Hello everyone and welcome back to Deeper Waters where we are diving into the ocean of truth! Tonight, we’re going to be continuing our study of the resurrection and looking at the appearances. This is the second item that we are going to list as our historical bedrock.
When I speak of the appearances, I am speaking of the times that the disciples claimed to see the risen Christ. Now whether or not they saw the risen Christ is disputed of course, but there is little doubt that they experienced something that was to them an appearance of the risen Christ.
The creed in 1 Corinthians 15 lists appearances to Peter, James, the twelve, more than 500 at a time, and then Paul includes himself. We will be focusing more on Paul tomorrow. While I believe the same happened to James, that will not be included under historical bedrock.
Our evidence again is that the gospels, aside from Mark, speak of this event, as does the Acts of the Apostles, and this creed in 1 Corinthians 15. Various church fathers refer to the appearances too. This event is what enabled the apostles to go out and start claiming Christ was raised.
Of course, there are those who say that this was not an appearance of the risen Christ. A common theory that is given in response is that the apostles were hallucinating. Many of us have experienced these. When I was eight, I had eye surgery and for a time, I looked at my mother and couldn’t tell which one she was, because when I saw her, I saw two of her.
There are a number of problems with the apostles hallucinating however. While mine was medical, we have no reason to believe the apostles were on any mind-altering drugs or had medical surgery of some sort recently. Thus, if there was one, it would be for psychological reasons.
Psychology is tough enough when the patient is sitting right across from someone. It’s much harder when we start using psychology on ancient figures that we really have little information of. It’s not totally invalid, but theories should not be built upon psychological speculation.
To begin with, the disciples were not in the mindset to experience a hallucination of Jesus as risen. If they were grieving, any hallucination would have been of Jesus in Abraham’s Bosom. It would not be of Jesus being alive and well and appearing among them.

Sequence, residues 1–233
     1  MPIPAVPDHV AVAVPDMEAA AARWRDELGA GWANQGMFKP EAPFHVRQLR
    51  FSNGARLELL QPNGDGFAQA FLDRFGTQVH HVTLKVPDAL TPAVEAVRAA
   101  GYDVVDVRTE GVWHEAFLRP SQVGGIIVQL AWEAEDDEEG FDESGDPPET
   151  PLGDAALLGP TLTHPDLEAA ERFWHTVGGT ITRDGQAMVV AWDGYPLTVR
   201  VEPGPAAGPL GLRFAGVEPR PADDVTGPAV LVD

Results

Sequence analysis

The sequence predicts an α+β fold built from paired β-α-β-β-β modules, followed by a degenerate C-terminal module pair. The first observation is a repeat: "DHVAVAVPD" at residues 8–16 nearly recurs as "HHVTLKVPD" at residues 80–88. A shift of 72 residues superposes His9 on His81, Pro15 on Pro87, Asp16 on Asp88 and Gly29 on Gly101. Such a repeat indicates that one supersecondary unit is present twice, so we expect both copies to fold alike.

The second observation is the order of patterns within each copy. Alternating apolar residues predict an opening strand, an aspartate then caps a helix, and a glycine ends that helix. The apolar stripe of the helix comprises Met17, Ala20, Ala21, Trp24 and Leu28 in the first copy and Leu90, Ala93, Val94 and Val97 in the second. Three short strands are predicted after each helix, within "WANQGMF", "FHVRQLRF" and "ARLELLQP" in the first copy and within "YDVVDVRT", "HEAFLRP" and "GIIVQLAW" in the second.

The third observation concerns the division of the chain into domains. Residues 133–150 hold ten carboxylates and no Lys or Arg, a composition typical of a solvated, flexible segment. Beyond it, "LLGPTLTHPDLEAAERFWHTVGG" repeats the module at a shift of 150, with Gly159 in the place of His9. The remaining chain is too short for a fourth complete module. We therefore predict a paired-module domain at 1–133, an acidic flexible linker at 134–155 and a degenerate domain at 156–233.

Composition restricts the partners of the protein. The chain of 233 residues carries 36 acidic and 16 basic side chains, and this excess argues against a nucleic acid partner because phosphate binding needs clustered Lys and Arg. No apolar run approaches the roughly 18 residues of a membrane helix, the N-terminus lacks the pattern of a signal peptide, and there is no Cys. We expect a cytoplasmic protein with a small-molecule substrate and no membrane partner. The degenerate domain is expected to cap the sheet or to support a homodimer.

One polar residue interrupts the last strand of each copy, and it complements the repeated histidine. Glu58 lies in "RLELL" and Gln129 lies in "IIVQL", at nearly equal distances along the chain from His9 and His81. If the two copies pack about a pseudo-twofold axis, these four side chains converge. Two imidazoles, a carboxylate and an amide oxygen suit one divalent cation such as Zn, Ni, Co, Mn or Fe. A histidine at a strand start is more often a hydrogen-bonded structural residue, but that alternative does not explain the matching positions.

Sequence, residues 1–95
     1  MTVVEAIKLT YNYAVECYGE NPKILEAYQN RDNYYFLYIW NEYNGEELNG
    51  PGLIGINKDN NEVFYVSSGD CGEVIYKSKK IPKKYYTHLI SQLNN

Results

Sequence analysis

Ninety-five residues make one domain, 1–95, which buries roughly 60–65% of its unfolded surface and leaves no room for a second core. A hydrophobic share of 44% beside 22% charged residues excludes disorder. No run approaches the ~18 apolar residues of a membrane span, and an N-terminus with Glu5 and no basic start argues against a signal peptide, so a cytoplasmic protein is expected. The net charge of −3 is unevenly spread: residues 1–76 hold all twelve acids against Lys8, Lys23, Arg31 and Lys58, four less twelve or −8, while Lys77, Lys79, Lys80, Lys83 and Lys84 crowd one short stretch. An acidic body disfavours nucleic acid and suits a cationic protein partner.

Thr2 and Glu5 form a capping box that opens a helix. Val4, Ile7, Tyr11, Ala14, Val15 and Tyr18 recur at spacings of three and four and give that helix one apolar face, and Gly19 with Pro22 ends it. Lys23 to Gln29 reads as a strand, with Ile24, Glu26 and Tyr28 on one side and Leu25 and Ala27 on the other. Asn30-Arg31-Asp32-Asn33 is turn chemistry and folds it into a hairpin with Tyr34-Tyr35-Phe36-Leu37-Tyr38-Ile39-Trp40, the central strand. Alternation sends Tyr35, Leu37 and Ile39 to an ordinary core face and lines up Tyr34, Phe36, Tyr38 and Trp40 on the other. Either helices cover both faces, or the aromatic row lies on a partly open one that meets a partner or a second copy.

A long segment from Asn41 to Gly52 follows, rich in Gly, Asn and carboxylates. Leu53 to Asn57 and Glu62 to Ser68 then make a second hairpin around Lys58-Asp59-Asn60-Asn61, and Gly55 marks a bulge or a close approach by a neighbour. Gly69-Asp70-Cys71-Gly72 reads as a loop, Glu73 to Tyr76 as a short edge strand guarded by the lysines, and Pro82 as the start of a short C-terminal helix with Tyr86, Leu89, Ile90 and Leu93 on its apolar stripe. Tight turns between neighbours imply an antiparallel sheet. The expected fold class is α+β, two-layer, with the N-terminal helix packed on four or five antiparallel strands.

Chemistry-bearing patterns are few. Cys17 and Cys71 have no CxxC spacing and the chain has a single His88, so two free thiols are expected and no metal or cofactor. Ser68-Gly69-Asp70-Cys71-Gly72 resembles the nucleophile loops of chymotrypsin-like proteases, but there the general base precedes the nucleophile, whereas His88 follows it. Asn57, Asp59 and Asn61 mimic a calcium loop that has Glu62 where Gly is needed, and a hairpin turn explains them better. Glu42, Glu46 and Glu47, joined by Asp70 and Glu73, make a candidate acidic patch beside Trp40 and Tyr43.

Second, this would not explain the group hallucinations. It would be difficult to find a valid example of such an event. Sometimes, groups of people can see something by being made prone to that. For instance, one person says he sees such and such and another person says the same and before too long, those in the back who can’t see as well think they see the same thing. An appearance to the twelve would not be like that. This is especially the case with one that would happen indoors such as in John 20.
Also, some might point to visions at Fatima. My thoughts on that matter is that I’m not ready to rule out a group appearance. Gary Habermas recommends keeping in mind the distinction between hallucinations and illusions as well. Illusions are misrepresentations of natural phenomena, like what a magician does. Hallucinations are all in the head with nothing outside of the person to figure into the hallucination.
Hallucinations cannot be shared. I could not go to sleep one night and be dreaming of Hawaii and wake up my wife and ask her to join me in the dream. One person would not hallucinate Jesus and then have the others join in. That would be an illusion instead of a hallucination.
Finally, hallucinations would not explain the empty tomb. If anyone had shown the body of Christ, the game would be over. There would be no basis for saying he was risen if the corpse was there. Do note the disciples never went for a spiritual resurrection. (We will look at material in 1 Corinthians 15 later) They went all the way the hard route with a physical resurrection.
Could it be they did that because what they claimed happened? The risen Christ did appear to them?